Andrew Breitbart, founder and publisher of America’s premier right-wing smear outfit, BigGovernment.com, has released yet another candid cam hatchet job, this one supposedly showing two professors at the University of Missouri instructing students on how to use violence to further the goals of the labor movement. The only problem is that the videos appear to be a heavily edited fraud, like the ones Breitbart released targeting ACORN, Shirley Sherrod, NPR and other political targets in the GOP’s cross hairs.
While publicly the university defended the professors against Breitbart’s charges, school administrators demanded in private that one of the professors submit his resignation. The professor said after quitting, “Teachers here are no longer going to be able to express comments, theories or counter-positions or make statements to force students to push back and critically challenge the comments and statements of the teacher.”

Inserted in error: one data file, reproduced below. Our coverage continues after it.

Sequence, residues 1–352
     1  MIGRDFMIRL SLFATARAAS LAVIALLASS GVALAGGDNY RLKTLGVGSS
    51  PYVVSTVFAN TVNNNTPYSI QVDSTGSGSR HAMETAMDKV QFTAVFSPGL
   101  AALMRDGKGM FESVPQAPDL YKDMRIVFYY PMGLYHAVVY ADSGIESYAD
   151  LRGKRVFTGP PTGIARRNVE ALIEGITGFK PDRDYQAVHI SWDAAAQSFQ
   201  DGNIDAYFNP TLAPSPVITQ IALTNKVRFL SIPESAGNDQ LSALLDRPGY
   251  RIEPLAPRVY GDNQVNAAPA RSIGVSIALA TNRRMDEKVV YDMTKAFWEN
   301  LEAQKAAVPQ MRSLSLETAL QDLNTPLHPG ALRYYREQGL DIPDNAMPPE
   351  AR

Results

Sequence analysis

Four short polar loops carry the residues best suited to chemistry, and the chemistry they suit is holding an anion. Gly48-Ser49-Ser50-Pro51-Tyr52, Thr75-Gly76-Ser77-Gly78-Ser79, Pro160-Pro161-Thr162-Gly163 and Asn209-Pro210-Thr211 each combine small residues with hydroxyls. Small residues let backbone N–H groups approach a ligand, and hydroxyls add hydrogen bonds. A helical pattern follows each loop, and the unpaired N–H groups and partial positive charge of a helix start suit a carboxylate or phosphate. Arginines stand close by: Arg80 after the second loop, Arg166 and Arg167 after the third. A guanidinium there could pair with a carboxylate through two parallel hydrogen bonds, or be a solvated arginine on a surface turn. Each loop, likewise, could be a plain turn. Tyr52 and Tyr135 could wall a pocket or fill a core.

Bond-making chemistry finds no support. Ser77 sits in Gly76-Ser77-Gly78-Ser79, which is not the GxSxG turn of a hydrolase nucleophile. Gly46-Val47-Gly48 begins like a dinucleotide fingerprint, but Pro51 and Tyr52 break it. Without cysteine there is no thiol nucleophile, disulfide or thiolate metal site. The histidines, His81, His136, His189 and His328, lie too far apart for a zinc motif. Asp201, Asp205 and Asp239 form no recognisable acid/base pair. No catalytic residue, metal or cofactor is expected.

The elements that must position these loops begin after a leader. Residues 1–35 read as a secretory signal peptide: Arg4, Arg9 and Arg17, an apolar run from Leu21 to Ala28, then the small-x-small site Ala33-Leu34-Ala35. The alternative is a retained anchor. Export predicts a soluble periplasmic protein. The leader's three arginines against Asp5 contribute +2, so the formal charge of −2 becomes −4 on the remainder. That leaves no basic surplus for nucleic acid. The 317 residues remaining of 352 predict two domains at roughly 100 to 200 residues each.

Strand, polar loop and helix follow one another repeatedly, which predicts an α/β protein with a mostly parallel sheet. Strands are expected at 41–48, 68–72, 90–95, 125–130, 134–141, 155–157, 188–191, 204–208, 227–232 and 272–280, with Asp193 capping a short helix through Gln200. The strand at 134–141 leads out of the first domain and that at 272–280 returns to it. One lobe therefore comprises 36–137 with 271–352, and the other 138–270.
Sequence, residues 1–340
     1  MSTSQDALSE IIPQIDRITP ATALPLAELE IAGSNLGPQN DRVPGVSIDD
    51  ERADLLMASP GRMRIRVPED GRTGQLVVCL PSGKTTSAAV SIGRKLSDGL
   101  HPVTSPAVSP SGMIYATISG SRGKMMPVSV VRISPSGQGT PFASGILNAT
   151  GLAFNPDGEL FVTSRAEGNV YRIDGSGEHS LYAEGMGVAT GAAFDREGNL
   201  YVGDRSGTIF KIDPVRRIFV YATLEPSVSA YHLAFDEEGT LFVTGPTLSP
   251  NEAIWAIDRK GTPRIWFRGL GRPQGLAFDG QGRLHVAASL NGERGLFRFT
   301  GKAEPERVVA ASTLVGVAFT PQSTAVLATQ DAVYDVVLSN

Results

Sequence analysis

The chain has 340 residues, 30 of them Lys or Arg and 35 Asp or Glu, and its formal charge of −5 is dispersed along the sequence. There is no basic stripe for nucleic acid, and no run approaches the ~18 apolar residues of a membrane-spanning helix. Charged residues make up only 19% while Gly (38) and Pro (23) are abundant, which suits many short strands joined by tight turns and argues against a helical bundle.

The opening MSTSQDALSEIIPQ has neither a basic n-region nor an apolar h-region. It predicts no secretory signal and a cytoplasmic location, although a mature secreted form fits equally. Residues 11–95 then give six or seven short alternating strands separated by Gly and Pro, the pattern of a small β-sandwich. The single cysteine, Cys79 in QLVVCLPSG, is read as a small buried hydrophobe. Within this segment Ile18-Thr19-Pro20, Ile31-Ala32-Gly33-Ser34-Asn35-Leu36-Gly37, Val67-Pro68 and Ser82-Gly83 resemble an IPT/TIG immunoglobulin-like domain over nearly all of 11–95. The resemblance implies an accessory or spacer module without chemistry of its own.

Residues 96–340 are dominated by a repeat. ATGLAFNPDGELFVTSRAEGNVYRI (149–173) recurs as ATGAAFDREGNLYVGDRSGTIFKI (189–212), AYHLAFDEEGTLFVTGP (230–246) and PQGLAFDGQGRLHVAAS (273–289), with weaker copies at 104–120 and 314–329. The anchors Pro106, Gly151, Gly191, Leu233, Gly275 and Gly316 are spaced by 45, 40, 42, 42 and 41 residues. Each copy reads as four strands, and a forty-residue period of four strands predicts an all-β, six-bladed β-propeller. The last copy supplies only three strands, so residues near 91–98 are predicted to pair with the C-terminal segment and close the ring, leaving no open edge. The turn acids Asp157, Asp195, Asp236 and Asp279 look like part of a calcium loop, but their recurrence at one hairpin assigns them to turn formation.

The takeaway message: Breitbart’s Internet video hit jobs are extremely effective. Welcome to McCarthyism 2.0. —YL
University of Missouri-Kansas City officials say they’re standing behind a labor studies professor whose lecture comments about union agitation tactics have created an Internet stir among conservative commentators.
Video clips on conservative blogger Andrew Breitbart’s Big Government website show professor Judy Ancel seemingly endorsing violence as a union tactic during a recent class. UMKC Provost Gail Hackett Provost Gail Hackett pledged support for the academic freedom of the school’s professors [and claimed that the edited videos distorted the truth]. ...
Breitbart was at the center of two video controversies in recent years—one that led to the firing of a U.S. Agriculture Department employee over an edited video of what appeared to be a racist remark, and another that embarrassed the community group ACORN when workers were shown counseling actors posing as a prostitute and pimp.
In the Kansas City video incident, Ancel says she was paraphrasing a statement made in a documentary shown in class about the 1968 Memphis garbage workers’ strike and Martin Luther King’s assassination. [...]
The edited videos also featured comments about union tactics from Don Giljum, an adjunct professor at the University of Missouri-St. Louis who helped Ancel teach the class. Giljum, a former union business manager who represented workers at utility Ameren Corp., resigned this week.
Flickr / Gage Skidmore